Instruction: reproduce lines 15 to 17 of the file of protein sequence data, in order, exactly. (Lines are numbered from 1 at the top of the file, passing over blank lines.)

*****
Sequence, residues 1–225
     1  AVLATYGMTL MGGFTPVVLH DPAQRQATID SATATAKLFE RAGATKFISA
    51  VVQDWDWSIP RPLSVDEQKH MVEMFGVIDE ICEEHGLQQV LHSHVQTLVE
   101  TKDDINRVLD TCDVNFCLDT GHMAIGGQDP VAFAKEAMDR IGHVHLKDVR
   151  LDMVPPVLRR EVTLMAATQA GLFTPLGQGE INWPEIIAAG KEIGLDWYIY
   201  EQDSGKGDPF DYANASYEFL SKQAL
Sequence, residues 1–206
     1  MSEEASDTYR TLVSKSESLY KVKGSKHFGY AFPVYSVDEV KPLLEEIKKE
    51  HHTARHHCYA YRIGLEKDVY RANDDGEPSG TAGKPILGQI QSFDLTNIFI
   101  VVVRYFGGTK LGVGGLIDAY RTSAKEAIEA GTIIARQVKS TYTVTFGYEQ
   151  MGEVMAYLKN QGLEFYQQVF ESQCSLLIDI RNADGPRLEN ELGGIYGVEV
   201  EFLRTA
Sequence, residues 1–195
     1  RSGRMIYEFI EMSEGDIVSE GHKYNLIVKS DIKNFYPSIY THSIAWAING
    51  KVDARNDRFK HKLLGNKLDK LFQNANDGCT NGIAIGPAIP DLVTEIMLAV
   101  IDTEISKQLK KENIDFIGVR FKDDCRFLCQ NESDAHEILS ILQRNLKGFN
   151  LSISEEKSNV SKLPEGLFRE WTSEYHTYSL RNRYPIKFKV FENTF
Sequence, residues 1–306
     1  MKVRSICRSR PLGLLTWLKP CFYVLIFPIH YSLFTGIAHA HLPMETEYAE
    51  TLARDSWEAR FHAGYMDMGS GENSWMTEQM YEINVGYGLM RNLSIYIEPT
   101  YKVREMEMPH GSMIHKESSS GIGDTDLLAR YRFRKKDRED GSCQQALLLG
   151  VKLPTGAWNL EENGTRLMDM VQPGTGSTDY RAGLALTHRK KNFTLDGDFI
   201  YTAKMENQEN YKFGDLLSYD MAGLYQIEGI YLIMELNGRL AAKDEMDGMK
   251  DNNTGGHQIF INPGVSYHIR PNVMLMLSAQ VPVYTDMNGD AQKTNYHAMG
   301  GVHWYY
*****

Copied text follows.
    51  KVDARNDRFK HKLLGNKLDK LFQNANDGCT NGIAIGPAIP DLVTEIMLAV
   101  IDTEISKQLK KENIDFIGVR FKDDCRFLCQ NESDAHEILS ILQRNLKGFN
   151  LSISEEKSNV SKLPEGLFRE WTSEYHTYSL RNRYPIKFKV FENTF